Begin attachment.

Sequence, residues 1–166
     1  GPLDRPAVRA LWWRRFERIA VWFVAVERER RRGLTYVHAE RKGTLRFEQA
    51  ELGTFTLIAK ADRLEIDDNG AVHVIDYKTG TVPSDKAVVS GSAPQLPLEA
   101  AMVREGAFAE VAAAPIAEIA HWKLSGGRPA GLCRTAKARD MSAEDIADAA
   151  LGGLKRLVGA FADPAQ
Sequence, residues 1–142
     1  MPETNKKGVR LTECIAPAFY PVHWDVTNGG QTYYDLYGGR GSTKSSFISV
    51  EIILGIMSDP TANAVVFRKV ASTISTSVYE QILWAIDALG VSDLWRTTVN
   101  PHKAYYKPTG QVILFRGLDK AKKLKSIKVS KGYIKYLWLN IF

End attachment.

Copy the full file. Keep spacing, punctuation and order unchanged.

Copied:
Sequence, residues 1–166
     1  GPLDRPAVRA LWWRRFERIA VWFVAVERER RRGLTYVHAE RKGTLRFEQA
    51  ELGTFTLIAK ADRLEIDDNG AVHVIDYKTG TVPSDKAVVS GSAPQLPLEA
   101  AMVREGAFAE VAAAPIAEIA HWKLSGGRPA GLCRTAKARD MSAEDIADAA
   151  LGGLKRLVGA FADPAQ
Sequence, residues 1–142
     1  MPETNKKGVR LTECIAPAFY PVHWDVTNGG QTYYDLYGGR GSTKSSFISV
    51  EIILGIMSDP TANAVVFRKV ASTISTSVYE QILWAIDALG VSDLWRTTVN
   101  PHKAYYKPTG QVILFRGLDK AKKLKSIKVS KGYIKYLWLN IF